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Kitimat LNG gets 40-year export licence

The companies behind the Kitimat LNG project have been granted a 40-year export licence by the Canada Energy Regular (CER) – double the 20 years that was originally approved.
Kitimat LNG site.

The companies behind the Kitimat LNG project have been granted a 40-year export licence by the Canada Energy Regular (CER) – double the 20 years that was originally approved.

The CER, which has taken over from the National Energy Board, has granted Chevron Corp. (NYSE:CVX) and Woodside Energy a licence to export up to 28.23 billion cubic metres, or 996.93 billion cubic feet (Bcf), annually from the LNG plant it plans to build in Kitimat.

But British Columbians should not expect to see work start on that project anytime soon.

Some natural gas and LNG analysts believe Chevron and Woodside will time a final investment decision for the mid-2020s, with plant completion sometime around 2030.

The export licence granted December 4 has a 10-year expiry horizon, during which the company must have made a substantial start on the project.

The Kitimat LNG project received an environmental certificate in 2006 for what was originally proposed as an LNG import terminal.

The project received a certificate amendment in 2010 to switch to an export facility, and Chevron and Woodside are now back in the environmental review process seeking another amendment. Kitimat LNG was originally approved for a 20-year export licence.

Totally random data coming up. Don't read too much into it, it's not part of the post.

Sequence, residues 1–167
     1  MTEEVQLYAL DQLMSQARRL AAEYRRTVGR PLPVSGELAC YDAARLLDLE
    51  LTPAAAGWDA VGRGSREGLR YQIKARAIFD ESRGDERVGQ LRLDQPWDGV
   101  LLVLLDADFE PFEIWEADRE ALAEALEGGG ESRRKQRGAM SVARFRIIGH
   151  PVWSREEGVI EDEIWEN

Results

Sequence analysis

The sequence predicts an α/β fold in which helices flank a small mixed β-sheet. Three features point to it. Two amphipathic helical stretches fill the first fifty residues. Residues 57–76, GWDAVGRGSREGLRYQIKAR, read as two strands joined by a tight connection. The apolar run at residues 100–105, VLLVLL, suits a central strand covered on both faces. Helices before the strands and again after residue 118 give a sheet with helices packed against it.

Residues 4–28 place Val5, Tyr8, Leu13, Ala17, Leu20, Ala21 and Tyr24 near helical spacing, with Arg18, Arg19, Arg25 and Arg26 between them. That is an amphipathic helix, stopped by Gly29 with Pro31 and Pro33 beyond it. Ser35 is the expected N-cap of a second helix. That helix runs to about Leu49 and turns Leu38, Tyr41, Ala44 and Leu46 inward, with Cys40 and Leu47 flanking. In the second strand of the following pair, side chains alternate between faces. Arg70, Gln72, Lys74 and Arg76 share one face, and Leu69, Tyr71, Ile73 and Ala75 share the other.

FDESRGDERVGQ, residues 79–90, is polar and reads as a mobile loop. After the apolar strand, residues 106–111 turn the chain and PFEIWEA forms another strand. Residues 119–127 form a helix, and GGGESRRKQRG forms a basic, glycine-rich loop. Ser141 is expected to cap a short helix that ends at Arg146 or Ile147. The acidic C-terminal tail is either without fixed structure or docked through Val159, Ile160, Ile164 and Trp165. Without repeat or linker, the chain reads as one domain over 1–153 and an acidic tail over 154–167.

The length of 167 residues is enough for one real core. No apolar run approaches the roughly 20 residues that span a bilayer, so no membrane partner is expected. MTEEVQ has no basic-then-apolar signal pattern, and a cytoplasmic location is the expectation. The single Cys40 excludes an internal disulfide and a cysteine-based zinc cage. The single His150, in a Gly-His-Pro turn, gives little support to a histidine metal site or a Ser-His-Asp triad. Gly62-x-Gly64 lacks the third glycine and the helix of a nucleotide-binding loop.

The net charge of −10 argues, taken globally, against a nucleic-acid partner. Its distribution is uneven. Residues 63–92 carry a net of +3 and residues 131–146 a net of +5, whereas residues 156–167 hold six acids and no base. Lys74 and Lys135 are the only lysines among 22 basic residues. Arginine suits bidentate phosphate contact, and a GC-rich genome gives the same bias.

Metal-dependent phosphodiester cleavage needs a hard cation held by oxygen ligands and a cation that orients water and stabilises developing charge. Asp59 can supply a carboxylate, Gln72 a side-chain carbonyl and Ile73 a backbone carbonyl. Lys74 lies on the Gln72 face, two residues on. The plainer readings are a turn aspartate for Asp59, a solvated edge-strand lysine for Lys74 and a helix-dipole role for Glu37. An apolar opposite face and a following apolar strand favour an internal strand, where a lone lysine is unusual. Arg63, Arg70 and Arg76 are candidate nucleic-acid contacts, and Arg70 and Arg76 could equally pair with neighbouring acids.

Chevron and Woodside are seeking approval for a significant change in scale and design to the Kitimat LNG project. What they now propose is nearly twice the scale, in terms of production, of what was originally approved, but with half the carbon intensity.

The revised proposal calls for more LNG processing units (trains), an additional berth for LNG carriers, and an increase in LNG carrier traffic – up to 250 per year.

Originally, a two-train plant would have produced 10 million tonnes per annum (MTPA) of liquefied natural gas for export. Chevron-Woodside now propose a third train.

It also proposes to use all electric drive, instead of natural gas, for the liquefaction process. Those changes in scope and design would boost the annual production from 10 million tonnes per annum (MTPA) to 18 MTPA.

A conventional LNG plant that size would produce roughly 5 millions tonnes of CO2 equivalent (CO2e) per year.

But by using e-drive, the project could reduce emissions by 70%, brining it down to about 1.1 millions tonnes of CO2e, according to a Clean Energy BC white paper on electrification of the natural gas and LNG sectors.

During the recent export licence application hearing, the CER heard from project opponents who raised the concern that two large LNG projects – LNG Canada and Kitimat LNG – would use up so much natural gas that it could result in higher natural gas prices for domestic use.

The commission dismissed those concerns, noting an abundance of natural gas in North America, and historically low prices.

“The commission has determined that the quantity of natural gas proposed to be exported by Chevron, for a term of 40 years, is surplus to Canada’s needs,” the commission ruled.

A report submitted by Roland Priddle on behalf of Chevron estimates that 5.9 Bcf/d of LNG will be exported from Canada from 2020 onwards. The LNG Canada project is approved for 3.5 Bcf/d.

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